If you’ve been following politics over the last year or two, you’re probably no stranger to the powerful woman that is Stacey Abrams;
She’s the country’s most recognizable political organizer who has successfully secured three election victories and is a tireless political advocate in the state of Georgia.
Recently, the beloved politician and voting rights activist sat down with Marie Claire for their April 2021 issue, and talked openly and honestly about the triumphs and challenges of fighting the good fight.
Check out a few excerpts below via Marie Claire:
On her definition of success and what it means to her:
“When you’re trying to build for a future, if you’re only building for your future, you are destined to fail […] My success is tied at the most base level with the success of my people, and my people are the South. My people are Americans.
My people are people of color. My success can only ever be real if I’m doing it for the success of others.”
On why the Capitol riots didn’t surprise her:
“I’m certainly always dismayed by the level of treachery that we saw on [January 6], but I wouldn’t say that that is new.
When I see the surprise, the aghast reaction, I think what people are reacting to is the immediacy of their interaction with this, but they forget about the years of conditioned exposure that so many more of us have lived with.
I grew up in the state of Mississippi, where the Confederate battle flag was the state flag.
I moved to Georgia, where the Confederate battle flag was incorporated into the state flag, where you could not enter a bank or the state capitol without this waving notion of what you should expect inside.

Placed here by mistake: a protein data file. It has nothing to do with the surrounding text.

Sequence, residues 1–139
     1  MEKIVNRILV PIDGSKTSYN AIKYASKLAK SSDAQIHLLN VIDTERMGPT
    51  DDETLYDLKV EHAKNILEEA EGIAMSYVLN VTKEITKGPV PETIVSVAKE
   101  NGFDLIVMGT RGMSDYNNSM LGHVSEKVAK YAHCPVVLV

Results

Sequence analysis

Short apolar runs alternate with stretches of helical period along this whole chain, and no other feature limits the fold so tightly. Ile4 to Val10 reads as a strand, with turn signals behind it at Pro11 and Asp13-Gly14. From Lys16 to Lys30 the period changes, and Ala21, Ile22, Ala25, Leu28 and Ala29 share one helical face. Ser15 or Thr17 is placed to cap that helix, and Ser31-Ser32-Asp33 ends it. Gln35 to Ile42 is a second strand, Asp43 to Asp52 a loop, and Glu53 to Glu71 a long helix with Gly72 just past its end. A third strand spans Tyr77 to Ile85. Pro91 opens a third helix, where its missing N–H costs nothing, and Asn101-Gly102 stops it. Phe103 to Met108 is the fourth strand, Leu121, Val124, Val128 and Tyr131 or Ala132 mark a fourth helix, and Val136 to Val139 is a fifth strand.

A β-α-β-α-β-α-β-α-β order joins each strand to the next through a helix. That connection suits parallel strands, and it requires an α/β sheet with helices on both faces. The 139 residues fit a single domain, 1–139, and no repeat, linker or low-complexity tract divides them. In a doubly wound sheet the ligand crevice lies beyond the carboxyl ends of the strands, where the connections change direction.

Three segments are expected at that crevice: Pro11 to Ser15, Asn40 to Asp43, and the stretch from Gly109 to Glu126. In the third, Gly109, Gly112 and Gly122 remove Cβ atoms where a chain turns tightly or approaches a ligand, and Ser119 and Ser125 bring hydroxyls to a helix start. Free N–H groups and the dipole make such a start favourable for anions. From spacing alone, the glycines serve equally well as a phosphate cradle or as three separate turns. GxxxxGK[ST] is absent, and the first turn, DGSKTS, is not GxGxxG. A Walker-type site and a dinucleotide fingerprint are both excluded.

I don’t have the capacity for surprise at this.”
On why she doesn’t feel she has won anything yet:
“Because there’s nothing permanent about the change that we’re making until people believe it’s a change they should defend and maintain. And so every election, every fight, you’ve got to remind people that they have the capacity to win, and you have to do it anew.”
On wanting people to understand the power they hold:
“One of the most successful gaslighting operations in American history has been the disinformation [campaign] about our power, and because so many pieces of our society have been weaponized against us, we’ve also been conditioned to believe that weaponization is innate, that what they are doing is the right thing, and everything we’re asking for is a departure.”
On forward movement being possible on a national scale:
“If you can do it [in Georgia], you can prove that it is possible in enclaves that have given up. If you can do this stuff in the Deep South—if you can elect a Black Southern preacher and a Jewish son of an immigrant to the U.S. Senate while Donald Trump sits in the White House, then, by God, everything else is possible.”
Read Stacey Abrams’ powerful feature in full, here.